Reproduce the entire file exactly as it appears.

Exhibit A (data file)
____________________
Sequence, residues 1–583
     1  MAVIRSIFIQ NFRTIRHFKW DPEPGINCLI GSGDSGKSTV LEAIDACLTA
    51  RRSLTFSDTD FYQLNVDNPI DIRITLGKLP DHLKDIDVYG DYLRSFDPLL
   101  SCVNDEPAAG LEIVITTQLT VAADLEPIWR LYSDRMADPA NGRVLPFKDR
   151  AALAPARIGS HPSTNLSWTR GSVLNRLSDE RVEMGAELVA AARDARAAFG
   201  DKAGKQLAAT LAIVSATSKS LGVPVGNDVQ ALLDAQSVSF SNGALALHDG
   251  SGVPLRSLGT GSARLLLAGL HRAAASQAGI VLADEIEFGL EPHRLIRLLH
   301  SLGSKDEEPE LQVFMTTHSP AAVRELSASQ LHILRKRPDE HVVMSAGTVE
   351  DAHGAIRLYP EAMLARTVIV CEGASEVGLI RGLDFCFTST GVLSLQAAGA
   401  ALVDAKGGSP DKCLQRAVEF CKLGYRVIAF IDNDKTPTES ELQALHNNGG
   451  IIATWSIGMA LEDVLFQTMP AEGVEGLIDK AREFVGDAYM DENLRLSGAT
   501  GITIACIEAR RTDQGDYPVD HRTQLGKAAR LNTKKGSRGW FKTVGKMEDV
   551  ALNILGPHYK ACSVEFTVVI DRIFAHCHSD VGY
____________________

Sequence, residues 1–583
     1  MAVIRSIFIQ NFRTIRHFKW DPEPGINCLI GSGDSGKSTV LEAIDACLTA
    51  RRSLTFSDTD FYQLNVDNPI DIRITLGKLP DHLKDIDVYG DYLRSFDPLL
   101  SCVNDEPAAG LEIVITTQLT VAADLEPIWR LYSDRMADPA NGRVLPFKDR
   151  AALAPARIGS HPSTNLSWTR GSVLNRLSDE RVEMGAELVA AARDARAAFG
   201  DKAGKQLAAT LAIVSATSKS LGVPVGNDVQ ALLDAQSVSF SNGALALHDG
   251  SGVPLRSLGT GSARLLLAGL HRAAASQAGI VLADEIEFGL EPHRLIRLLH
   301  SLGSKDEEPE LQVFMTTHSP AAVRELSASQ LHILRKRPDE HVVMSAGTVE
   351  DAHGAIRLYP EAMLARTVIV CEGASEVGLI RGLDFCFTST GVLSLQAAGA
   401  ALVDAKGGSP DKCLQRAVEF CKLGYRVIAF IDNDKTPTES ELQALHNNGG
   451  IIATWSIGMA LEDVLFQTMP AEGVEGLIDK AREFVGDAYM DENLRLSGAT
   501  GITIACIEAR RTDQGDYPVD HRTQLGKAAR LNTKKGSRGW FKTVGKMEDV
   551  ALNILGPHYK ACSVEFTVVI DRIFAHCHSD VGY